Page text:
Despite Husqvarna claiming the 701 has plenty of low-down torque, it’s not exactly blessed with a booming bottom end. In fact it’s exactly as I remember the 690 - lacking stomp right off the bottom which seems strange for a big capacity single like this. No matter… the bottom end it possesses is more than sufficient, and with the 701 it’s all about the midrange anyway. This is a bike which enjoys eating up the miles whether they be on tarmac or tracks.
With that big piston hammering up and down the barrel you’d be forgiven for thinking the KTM would be quite vibey, but it really isn’t. There’s a counter-balancer working away to eliminate the worst of the vibes and KTM have done their homework in terms of taming any harshness, so that all that’s really left is a pleasant-soundingsingle-cylinder drone and sufficient ‘plonk’ underneath you to remind you that this is still a dirt bike at heart.
And as a dirt bike the 701 works a treat. It’ll handle anything from fast cruising stony tracks to slow-speed rocky steps (and all that on the stock dual-sport rubber), but I imagine it’ll become much more of a handful once there’s mud involved. I can’t say for certain, the tracks we rode were mostly dusty with puddles (a strange combo that’s for sure), and it never felt anything less than completely sure-footed at all times. Of course like any heavy(ish) trailie it shoves a bit more weight on to the front end, so you have to be more cautious before you go plunging into soft terrain, but it’ll cope okay, so long as you have your wits about you.
Husqvarna have sensibly resisted the urge to make this machine an out-and-out dirtbike. Whilst it’s not in any way wide, it’s still broader than a pure off-roader, and the size, weight and ground clearance - though doubtless class-leading for a trailbike - are one-step removed from your typical enduro bike. That makes it as good on tarmac as it is off it, although what it won’t do - at least not in the traditional way - is to break traction and power slide around all the loose-surface corners.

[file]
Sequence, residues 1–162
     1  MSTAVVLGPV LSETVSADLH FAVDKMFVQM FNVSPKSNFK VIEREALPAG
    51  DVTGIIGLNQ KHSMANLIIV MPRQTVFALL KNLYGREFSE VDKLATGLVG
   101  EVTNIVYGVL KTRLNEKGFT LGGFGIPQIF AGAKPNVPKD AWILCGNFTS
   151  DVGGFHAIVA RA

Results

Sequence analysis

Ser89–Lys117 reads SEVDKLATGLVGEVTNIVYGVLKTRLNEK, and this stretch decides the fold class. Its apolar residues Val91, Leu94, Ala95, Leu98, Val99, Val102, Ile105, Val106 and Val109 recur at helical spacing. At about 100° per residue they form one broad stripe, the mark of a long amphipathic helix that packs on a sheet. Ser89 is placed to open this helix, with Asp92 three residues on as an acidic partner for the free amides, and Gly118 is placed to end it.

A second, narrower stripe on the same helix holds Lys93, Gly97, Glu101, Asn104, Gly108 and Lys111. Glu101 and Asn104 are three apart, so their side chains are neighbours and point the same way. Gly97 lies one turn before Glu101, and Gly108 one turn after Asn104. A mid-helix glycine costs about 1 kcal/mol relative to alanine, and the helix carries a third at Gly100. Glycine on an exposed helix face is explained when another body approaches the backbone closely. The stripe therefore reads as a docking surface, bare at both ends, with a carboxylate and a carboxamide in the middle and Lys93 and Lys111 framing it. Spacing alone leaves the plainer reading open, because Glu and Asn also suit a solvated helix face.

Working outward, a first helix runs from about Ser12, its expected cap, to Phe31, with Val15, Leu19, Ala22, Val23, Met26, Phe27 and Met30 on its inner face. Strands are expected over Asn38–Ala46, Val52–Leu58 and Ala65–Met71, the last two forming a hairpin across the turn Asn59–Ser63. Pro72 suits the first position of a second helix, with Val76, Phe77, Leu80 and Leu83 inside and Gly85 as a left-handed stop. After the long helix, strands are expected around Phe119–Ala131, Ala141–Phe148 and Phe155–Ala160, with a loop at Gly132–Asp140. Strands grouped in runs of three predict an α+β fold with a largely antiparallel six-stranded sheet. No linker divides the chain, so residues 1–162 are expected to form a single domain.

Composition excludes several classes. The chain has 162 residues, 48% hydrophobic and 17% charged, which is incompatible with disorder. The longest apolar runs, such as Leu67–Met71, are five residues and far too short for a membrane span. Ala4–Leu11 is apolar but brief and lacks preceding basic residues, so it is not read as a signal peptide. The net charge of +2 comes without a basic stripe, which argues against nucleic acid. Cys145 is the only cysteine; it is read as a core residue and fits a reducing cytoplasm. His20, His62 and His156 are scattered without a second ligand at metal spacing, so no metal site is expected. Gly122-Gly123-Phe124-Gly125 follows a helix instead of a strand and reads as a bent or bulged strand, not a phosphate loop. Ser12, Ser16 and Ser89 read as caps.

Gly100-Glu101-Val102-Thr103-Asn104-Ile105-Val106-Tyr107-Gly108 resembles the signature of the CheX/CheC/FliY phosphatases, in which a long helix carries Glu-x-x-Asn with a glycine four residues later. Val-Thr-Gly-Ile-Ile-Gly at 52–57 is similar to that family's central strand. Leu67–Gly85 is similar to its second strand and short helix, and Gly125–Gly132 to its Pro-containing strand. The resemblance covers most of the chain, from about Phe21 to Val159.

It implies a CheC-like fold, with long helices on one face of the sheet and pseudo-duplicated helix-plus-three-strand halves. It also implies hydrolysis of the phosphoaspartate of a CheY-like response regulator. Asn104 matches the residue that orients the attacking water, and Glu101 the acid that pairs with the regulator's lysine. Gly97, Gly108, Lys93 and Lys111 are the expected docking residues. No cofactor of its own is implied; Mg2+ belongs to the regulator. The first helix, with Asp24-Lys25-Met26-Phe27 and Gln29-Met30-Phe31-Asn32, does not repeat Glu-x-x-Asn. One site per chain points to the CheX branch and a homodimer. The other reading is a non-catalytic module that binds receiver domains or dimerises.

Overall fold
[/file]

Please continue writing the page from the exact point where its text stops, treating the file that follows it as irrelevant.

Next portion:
This chassis appears to have been designed to keep both wheels in line. If you want to get loose with it then you’ll need to be pretty brutal with the fly-by-wire throttle, and throw your weight around too; otherwise it just goes where it’s pointed. On the flip side of course it does mean that the 701 is super easy to ride - it rarely puts a foot wrong and instills a lot of confidence in the rider as you never find yourself fighting the power output.
Actually I think Husky have got the handling/power balance just right because the 701 is deceptively fast when you need it to be thanks to the fact that it hooks up and drives everywhere. The lengthy wheelbase no doubt helps, and actually I think most riders will find this pronounced stability a real asset. Certainly when it comes to riding in poor weather (and we rode in plenty of that), on iffy roads (likewise), the Husky never once put a foot wrong. At first I was slightly miffed that big handfuls of throttle didn’t instantly translate into big long drifts on the stony corners, but I understand why they’ve clipped this bike’s wings - It’s an adventure bike first and foremost, more than it is a pure dirt bike. Husky may disagree with me on that, but I think there are more people out there willing to invest in a fine handling, well-suspended, go-anywhere adventure bike, than those who just fancy the idea of a really big-bore dirt bike.